By not over-buying seasonal decor, you can buy/have other things that are more important, at least to me anyway. Like our paid-for house, our emergency fund, our travel fund, and our future retirement years investments, for instance. (Just think about how much the Griswolds spent over the years to seasonal decorate like this. They might have been able to pay their house off early with all those lights. Or buy a smaller house and pay cash.) Just a thought.
I, (and you), can easily go for a short drive or walk around our neighborhoods and enjoy everyone else's outdoor seasonal home decor. There's plenty of fall outside decor up in our neighborhood right now!
You may choose to do holiday decorating differently than me and that's certainly fine, but I thought I'd give you a little alternative "food for holiday decor thought" too.
So that pretty much sums up my personal feelings and m.o. about seasonal and holiday decorating, so that being said, here's all I chose to buy for our fall decor this year: (pix above)
Two wreaths for both our doors and we added a "seasonal" bow. I like how natural these wreaths look, their big size, and how I will be able to easily change out the color of the bow by holiday, avoiding buying a whole new wreath again. (Unless they fade tons in our HOT AZ sun, which is possible.) These are exceptionally nice quality wreaths for the price.
This cute fall flag. I wash them up and keep them in a drawer in my foyer buffet so I can change them out by season. For the price, I get a lot of bang for my decorating dollar with these little flags and people comment on how cute they are too on our front porch as they walk by.
These little cottage-y looking faux-stone doormats. They match our house color well and make me smile. :) Such a great price for a two-pack, and they really weren't "seasonal" as our old ones needed to be replaced anyway and we can keep them year-round. They said "no fade" so we shall see if they can withstand the ol' ARIZONA sun! (It's been over +100 degrees here for over 145 days in a row or something this year. And still is. I rest my sunny decorating case.)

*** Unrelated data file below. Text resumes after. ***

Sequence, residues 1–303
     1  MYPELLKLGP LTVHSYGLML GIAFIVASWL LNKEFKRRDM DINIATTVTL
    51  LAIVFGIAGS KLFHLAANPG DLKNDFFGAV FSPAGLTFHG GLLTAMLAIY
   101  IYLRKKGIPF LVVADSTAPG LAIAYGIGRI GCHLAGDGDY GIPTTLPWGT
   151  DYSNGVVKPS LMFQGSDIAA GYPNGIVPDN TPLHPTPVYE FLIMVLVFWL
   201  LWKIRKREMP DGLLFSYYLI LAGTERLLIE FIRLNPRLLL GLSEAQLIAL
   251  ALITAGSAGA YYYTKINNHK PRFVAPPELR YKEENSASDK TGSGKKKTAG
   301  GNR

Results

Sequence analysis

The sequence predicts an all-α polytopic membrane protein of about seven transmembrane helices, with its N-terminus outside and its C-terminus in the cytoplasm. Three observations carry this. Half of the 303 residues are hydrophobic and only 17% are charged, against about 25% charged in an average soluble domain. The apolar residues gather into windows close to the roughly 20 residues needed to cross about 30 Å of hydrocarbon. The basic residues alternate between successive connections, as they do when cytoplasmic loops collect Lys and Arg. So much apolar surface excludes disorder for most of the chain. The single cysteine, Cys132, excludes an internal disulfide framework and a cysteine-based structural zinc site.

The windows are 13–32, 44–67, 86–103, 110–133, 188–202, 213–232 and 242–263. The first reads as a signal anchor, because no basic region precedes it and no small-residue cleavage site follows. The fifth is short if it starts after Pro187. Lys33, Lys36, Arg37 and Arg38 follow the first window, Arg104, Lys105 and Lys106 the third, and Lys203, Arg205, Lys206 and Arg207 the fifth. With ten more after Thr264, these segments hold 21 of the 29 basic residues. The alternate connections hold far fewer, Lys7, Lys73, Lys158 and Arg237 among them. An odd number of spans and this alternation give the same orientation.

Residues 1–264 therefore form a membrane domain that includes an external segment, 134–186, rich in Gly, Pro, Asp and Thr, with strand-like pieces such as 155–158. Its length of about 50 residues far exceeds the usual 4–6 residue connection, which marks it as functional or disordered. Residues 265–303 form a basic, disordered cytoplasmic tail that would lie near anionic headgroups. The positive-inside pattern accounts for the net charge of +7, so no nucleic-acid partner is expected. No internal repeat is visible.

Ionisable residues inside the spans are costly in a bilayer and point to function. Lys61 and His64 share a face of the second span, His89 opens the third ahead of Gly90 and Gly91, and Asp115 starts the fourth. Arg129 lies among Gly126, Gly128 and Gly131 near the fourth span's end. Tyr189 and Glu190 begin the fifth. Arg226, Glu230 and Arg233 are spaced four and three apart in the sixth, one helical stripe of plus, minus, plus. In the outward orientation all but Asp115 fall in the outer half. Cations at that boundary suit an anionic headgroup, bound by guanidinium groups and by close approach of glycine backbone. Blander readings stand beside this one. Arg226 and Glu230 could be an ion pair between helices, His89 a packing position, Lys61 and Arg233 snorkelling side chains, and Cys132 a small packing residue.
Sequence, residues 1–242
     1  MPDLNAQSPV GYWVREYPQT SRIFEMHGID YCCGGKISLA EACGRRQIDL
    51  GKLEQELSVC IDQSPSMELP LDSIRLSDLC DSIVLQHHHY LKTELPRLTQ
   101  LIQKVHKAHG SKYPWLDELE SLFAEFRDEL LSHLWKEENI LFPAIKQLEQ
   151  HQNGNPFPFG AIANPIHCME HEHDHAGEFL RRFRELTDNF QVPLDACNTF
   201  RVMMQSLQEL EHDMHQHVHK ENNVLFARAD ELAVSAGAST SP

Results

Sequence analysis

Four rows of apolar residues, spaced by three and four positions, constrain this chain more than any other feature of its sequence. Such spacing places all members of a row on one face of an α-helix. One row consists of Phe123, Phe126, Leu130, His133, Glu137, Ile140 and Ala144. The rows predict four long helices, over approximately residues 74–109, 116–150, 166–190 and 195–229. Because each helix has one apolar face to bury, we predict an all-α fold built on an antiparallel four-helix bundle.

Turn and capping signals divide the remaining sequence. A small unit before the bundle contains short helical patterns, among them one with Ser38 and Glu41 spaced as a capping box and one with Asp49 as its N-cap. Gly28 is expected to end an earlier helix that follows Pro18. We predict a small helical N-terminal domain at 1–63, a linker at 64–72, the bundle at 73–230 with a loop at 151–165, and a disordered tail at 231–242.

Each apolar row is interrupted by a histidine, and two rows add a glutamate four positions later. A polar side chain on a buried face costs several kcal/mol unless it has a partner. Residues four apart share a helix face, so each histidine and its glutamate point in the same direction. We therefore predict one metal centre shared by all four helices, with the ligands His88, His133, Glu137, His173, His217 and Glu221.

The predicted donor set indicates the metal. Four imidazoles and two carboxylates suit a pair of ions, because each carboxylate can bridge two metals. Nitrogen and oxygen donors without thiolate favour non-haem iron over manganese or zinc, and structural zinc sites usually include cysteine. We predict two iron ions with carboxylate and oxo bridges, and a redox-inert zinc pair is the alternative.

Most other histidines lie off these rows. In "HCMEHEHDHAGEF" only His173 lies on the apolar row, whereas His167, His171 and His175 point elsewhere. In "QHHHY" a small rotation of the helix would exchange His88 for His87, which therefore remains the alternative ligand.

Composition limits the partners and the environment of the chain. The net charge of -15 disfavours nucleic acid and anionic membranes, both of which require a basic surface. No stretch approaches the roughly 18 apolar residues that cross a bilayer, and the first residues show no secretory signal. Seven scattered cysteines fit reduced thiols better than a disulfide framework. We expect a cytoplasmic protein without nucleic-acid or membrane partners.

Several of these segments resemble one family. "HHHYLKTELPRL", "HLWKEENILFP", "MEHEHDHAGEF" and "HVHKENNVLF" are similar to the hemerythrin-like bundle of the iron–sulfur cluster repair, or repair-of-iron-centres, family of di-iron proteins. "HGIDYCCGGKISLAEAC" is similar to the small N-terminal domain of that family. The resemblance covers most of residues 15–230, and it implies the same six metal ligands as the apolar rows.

Since moving to our AZ cottage in 2018, we've always had a flag on our porch. Such a dollarwise way to add something fun to the front of your house by season. Here's the hanger I bought for them a couple years ago and now it needs spray painting due to some rust, so that's on our House TO DO list.
And here's a little flag trick Steve came up with:
He put a safety pin on there at the top so he would not be out chasing the flag down the street as he did one time when it was very windy. You can't see the pin from far away. Or, you could pin it on the other side and then no one would ever see it if they were going in your front door. And yes, I know some people are picky about these things. And no, some don't care, especially in a pandemic. I get that. I also get that we are in our 60s now so enter the safety pin on our flag as we don't want to be chasing a flag down the street. (Or anything else, for that matter.)